Friendly vs. Hospitable

80s hospitality

A lot of people claim to have friendly churches. But we have to ask, “Friendly…compared to what?”

Most would avoid saying, “our church is unfriendly.”

Yet, friendliness is distinctly different from hospitality.

• A friendly church might–by policy or administration–greet newcomers

• A friendly church may staff a church information center

• A friendly church might include a greeting time within the order of the worship.

But, this is surface-level hospitality.

Friendliness involves a, “Hello, how are you?” But, hospitality waits for the real answer, and offers an invitation to break bread together… Really, to do life together.

• After church, are folks staying afterwards to visit, or do they rush off to their kids’ soccer matches, NFL games, or other obligations?

• Are spiritual siblings, sort of, shooed out so the Sexton can lock up the building?

• Can congregants make and share a meal at church, a snack, or put on a pot of coffee, without the deacons getting nervous about clean up and carpet stains?

• Does the building, and the programs and schedules therein eclipse the human beings for whom the church exists?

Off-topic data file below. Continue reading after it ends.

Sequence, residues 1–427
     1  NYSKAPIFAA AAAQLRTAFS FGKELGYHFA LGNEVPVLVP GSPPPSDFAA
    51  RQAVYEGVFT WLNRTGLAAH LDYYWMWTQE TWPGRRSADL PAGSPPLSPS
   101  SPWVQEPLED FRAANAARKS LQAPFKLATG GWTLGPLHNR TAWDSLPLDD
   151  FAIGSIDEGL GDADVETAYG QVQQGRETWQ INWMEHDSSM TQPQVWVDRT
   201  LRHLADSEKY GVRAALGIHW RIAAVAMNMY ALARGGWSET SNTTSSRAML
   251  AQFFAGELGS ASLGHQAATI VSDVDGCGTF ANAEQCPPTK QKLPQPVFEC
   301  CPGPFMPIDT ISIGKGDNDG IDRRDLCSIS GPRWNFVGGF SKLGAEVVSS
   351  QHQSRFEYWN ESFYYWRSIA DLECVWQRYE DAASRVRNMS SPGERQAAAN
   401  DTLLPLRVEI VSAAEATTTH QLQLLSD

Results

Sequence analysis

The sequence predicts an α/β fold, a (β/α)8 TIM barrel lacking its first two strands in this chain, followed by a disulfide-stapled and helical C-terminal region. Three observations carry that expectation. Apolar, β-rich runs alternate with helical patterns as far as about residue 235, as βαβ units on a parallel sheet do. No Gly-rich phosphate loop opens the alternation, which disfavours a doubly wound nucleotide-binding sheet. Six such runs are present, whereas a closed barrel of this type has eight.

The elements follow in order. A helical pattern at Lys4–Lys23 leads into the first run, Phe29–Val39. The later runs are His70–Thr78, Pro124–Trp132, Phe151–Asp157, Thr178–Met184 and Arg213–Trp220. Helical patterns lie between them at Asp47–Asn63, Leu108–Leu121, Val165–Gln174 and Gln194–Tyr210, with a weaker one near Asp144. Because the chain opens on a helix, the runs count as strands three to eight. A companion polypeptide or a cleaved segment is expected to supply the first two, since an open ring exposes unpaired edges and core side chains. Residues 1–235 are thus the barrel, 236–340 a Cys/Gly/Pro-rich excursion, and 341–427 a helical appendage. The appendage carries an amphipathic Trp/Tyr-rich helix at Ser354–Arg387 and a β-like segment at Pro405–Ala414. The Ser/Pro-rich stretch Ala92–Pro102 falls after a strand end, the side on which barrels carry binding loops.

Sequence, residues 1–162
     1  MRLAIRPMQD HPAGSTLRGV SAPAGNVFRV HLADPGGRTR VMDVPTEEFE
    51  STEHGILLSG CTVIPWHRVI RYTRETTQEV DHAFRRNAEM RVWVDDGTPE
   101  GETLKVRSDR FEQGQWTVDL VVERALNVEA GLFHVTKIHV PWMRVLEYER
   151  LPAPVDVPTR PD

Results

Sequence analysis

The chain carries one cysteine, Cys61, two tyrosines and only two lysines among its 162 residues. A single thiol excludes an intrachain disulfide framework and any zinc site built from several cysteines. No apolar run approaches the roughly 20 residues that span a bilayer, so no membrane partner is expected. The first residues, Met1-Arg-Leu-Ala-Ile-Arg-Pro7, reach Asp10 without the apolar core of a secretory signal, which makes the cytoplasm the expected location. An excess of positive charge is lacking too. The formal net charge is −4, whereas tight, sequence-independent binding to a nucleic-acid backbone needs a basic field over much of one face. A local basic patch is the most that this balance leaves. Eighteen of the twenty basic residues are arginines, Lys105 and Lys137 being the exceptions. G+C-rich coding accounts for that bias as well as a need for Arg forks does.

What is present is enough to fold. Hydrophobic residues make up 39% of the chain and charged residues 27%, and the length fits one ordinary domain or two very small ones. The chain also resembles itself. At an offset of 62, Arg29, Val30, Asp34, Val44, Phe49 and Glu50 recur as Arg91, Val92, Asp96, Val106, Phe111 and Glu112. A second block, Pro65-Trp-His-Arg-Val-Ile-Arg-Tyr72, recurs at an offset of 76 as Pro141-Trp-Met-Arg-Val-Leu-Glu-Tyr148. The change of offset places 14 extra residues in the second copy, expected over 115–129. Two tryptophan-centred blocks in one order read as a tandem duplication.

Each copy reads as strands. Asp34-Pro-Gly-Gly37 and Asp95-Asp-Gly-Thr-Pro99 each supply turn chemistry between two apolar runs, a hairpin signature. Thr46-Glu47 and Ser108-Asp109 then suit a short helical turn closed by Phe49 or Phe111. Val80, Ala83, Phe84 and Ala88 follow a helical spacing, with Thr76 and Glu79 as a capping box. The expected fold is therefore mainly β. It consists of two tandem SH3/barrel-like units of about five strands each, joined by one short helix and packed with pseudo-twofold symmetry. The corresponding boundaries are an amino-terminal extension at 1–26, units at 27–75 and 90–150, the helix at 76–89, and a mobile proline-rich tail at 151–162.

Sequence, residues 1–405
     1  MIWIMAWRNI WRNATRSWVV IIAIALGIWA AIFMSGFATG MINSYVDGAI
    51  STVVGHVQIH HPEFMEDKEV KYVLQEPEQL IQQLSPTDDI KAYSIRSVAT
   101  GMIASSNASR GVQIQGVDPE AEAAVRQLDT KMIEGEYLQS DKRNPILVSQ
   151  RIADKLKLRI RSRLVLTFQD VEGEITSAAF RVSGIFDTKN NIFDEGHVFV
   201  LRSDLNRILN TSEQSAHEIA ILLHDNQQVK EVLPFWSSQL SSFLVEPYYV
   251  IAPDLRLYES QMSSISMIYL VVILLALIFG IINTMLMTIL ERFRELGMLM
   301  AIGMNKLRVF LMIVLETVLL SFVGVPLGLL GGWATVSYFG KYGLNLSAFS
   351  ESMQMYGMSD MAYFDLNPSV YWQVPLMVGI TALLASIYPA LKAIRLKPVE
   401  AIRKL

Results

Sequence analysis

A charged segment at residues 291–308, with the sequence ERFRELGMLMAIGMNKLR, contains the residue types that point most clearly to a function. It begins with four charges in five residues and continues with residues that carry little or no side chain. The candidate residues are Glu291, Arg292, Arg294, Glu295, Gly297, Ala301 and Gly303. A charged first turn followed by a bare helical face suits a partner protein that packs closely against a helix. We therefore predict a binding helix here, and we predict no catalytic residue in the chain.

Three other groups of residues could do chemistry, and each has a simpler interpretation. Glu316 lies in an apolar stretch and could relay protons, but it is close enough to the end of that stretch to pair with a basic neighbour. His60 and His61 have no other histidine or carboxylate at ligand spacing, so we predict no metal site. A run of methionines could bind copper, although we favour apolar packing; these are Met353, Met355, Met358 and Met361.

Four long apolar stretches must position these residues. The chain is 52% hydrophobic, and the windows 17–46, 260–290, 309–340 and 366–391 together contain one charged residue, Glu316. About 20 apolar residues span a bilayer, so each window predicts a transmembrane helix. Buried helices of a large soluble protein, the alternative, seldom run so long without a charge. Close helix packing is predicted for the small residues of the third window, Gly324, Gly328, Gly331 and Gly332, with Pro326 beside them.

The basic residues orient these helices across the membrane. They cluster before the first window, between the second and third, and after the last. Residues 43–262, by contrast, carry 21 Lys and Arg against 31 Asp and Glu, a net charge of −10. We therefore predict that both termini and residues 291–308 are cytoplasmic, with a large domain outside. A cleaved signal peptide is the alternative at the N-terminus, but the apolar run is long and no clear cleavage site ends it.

Shouldn’t church feel (be) comfortable–like an inviting hearth and home? Should it not have the kitchen and the living room vibe, where people feel a bit saddened to leave, at the end, because they have enjoyed a time with people who love them. A place where people don’t look at their watch, but instead comment on the pity it is that time went so quickly. A. hospitable. place.

What is the culture of your church?

If you could change something, what would it be?

What does hospitality look and behave like, [to you]?

Thanks for your ideas.


2 responses to “Friendly vs. Hospitable

  1. The willingness to commit time for others makes the difference between friendly and hospitable. Care for relationships can’t be limited to 2 or 3 minutes during the order of worship. Great points to remember for all of us.

    Thanks for sharing, Lisa.

  2. One thing that ‘secured’ our commitment to our church was that after only being there for a few months, our senior pastor knew us by name….first and last names. In a church of over 3,000 people, that was quite significant to me.

    I grew up in a small church, where there was a lot of connection. So, now going to a large church one of the things we were concerned with was just that – being connected. It wasn’t long after we started going there that the connection was intentional and strong.

    Jesus connects with people…He meets their needs. The Church needs to do the same. And not just spiritual needs…..